VG Minus

Interview by Nicki Stein
Issue 39 • May 2016 • Richmond

These two record shop owners are hosting a festival dedicated to vinyl, helping to keep alive both the medium and the music.

When I met Bobby Egger at his Oregon Hill record shop, Vinyl Conflict, he was charmingly scatter-brained. I caught him a few days before their Customer Appreciation Day. Preparations for the event included coordinating an all-day roster of live bands, inflating a moon bounce, and finding a victim for the dunk tank. “Yesterday, I was a supreme grouch,” Bobby commented self-effacingly. He moved to turn down the jerky soundtrack filling the shop, revealing the dull chatter of customers as they thumbed through bins of punk, metal, and hardcore albums. “Good thing we’re talking today, then,” I joked. He cracked a smile and settled in. “Ready to talk VG Minus?”

Bobby Egger and Marty Key

VG Minus – A Richmond Record Affair is the brainchild of two Richmond record shop owners, Bobby at Vinyl Conflict and Marty Key of Steady Sounds, located in the Broad Street Arts District. The record fair is self-deprecatingly titled, in true “record-nerd” fashion, using the rating system that vinyl merchants use to rate the quality of used albums. The scale ranges from “P” to “M” (“poor” to “mint”), with “VG” (meaning “very good”) hovering somewhere in the middle. Bobby grinned, “I was joking around and thought VG Minus was a funny name because occasionally you’ll see someone label a record VG minus because they don't want to give it the lower grade.” The event, scheduled for May 22 at Hardywood Craft Brewery, will host over forty merchants hailing from all over the East Coast, guaranteeing an eclectic mélange of used and rare vinyl.

Now in its second year, VG Minus has doubled in size since their first go around, featuring a wider variety of record genres and more live DJ sets throughout the day. “The event was super successful last year,” said Marty, “Way more successful than we thought it was going to be. We were expecting three to four hundred people, but it was closer to one thousand.” To accommodate this increase, Bobby and Marty are expanding the fair to occupy both buildings at the Hardywood complex.

Choosing to hold the fair at a brewery was a conscious decision on their part. After attending record fairs in other cities, the two saw an opportunity to host one in Richmond, but wanted it to have a more laid-back vibe than what could be accomplished in a hotel or convention center. “We felt like there needed to be alternatives to other record fairs that were happening around town,” Marty explained. The large amount of space at Hardywood, plus the availability of beer and food truck services, was just what they were looking for. “Since it’s at Hardywood, even people who don’t buy records can still shop, drink beer, eat at the food trucks, and hang out,” Bobby added.

“Exposing people to new music, or being able to play something in the store and have someone get excited about it, that’s the best feeling in the world.”

Bobby Egger

Richmond’s central location in the the Mid-Atlantic corridor makes it an appealing destination for merchants coming from points both north and south, adding diversity the genres that will be represented. “When you do a record fair, you’re bringing a lot of vendors who aren’t from the area or people who are selling records that you can’t easily access on a day-to-day basis,” Bobby explained. “You have a chance to see a lot of records that you might not otherwise.”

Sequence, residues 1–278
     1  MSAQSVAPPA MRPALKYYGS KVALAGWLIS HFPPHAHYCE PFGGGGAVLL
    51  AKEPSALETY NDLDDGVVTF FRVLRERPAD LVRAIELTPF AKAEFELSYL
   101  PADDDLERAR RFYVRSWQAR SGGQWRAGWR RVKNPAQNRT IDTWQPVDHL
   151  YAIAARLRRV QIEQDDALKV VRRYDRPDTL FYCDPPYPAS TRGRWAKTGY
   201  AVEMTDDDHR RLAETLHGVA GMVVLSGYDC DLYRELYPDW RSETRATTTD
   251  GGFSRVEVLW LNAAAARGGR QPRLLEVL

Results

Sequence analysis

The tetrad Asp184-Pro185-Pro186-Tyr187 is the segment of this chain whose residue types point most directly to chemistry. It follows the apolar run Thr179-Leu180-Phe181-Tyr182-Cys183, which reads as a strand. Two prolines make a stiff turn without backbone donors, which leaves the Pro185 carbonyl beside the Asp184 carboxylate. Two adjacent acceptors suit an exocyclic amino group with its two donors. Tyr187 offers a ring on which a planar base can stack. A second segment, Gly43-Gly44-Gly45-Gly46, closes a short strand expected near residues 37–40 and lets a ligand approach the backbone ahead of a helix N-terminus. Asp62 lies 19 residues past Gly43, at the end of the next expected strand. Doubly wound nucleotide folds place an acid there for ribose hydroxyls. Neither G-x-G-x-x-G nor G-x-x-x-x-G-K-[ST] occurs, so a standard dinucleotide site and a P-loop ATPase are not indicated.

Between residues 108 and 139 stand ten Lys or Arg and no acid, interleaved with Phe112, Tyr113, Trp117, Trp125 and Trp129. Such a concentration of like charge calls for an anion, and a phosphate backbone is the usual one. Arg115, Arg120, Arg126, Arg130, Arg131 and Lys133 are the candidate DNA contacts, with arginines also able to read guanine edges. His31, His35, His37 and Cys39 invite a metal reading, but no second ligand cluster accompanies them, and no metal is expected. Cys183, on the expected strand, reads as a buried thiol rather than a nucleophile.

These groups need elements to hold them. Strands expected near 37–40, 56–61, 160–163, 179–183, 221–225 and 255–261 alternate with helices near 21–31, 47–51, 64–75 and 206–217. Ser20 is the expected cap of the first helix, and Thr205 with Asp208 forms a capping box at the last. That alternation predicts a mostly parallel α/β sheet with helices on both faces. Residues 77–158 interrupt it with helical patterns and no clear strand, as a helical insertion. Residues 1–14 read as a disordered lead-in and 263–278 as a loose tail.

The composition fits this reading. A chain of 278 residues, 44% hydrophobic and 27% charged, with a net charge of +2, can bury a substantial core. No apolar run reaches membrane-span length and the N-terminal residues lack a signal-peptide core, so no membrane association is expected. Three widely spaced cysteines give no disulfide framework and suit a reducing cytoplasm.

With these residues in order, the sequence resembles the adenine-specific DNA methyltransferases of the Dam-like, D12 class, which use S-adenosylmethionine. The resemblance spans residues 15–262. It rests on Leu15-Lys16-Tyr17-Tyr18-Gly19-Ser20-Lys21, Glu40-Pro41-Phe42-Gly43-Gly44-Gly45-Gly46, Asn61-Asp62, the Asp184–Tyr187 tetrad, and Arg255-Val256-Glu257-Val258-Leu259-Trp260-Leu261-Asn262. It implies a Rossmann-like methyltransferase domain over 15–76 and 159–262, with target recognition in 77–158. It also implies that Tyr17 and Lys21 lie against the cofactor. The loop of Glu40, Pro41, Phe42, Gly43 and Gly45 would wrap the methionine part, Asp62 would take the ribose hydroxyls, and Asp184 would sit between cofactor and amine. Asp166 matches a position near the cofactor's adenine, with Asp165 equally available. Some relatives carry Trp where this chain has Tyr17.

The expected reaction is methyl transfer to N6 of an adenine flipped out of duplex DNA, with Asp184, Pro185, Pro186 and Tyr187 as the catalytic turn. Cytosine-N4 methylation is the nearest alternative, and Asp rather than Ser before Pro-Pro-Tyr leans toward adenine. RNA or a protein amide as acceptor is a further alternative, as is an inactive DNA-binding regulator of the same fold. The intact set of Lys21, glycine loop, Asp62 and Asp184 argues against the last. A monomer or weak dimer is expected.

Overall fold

The focus on used and harder-to-find records, rather than new pressings, is also a key aspect of the event. There are already plenty of record shops in Richmond where you can find the latest releases, but VG Minus celebrates the crate-digging aspect of record collecting, offering patrons the chance to seek out those hidden gems and converse with like-minded audiophiles. Of course, there will be plenty of representation from local stores as well. “The more I travel around and see bigger cities, the more I realize that I’m really proud of the quality of our record shops,” says Bobby. “Each one has a completely different vibe.”

The sheer quantity of RIchmond-based shops speaks to the renewed popularity of record collecting as a hobby. Beyond the music, there’s a real passion for the medium itself. Marty agreed, “So many people in the Mid-Atlantic area collect records now, more than ever. It used to be just dirty, crusty old guys who smelled like urine,” he joked, “Now people who don’t smell like urine like records, too!” The appeal of analog, the thrill of finding some long lost out-of-print rarity, even just the methodical fun of thumbing through bins of vinyl, all contribute to its popularity. Marty added, “It went from being ultra obscure to now where people are discovering music through records again.”

Near the end of our conversation, I asked Bobby if he’d always dreamed of owning a record shop. “Yeah!” he exclaimed, grinning, “Exposing people to new music, or being able to play something in the store and have someone get excited about it, that’s the best feeling in the world.” With VG Minus, Bobby and Marty are bringing that specific joy of sharing new music to the next generation of record-collecting aficionados.

VG Minus – A Richmond Record Affair will be held at Hardywood Craft Brewery on Sunday, May 22 from 11 AM to 4 PM. Admission is free.

Photography by Nicki Stein

The Whurk Week

Five cool things happening in Virginia each week. Delivered to your inbox Monday mornings. Sweet.

More From Issue 39
More Interview Features
Other Recent Stuff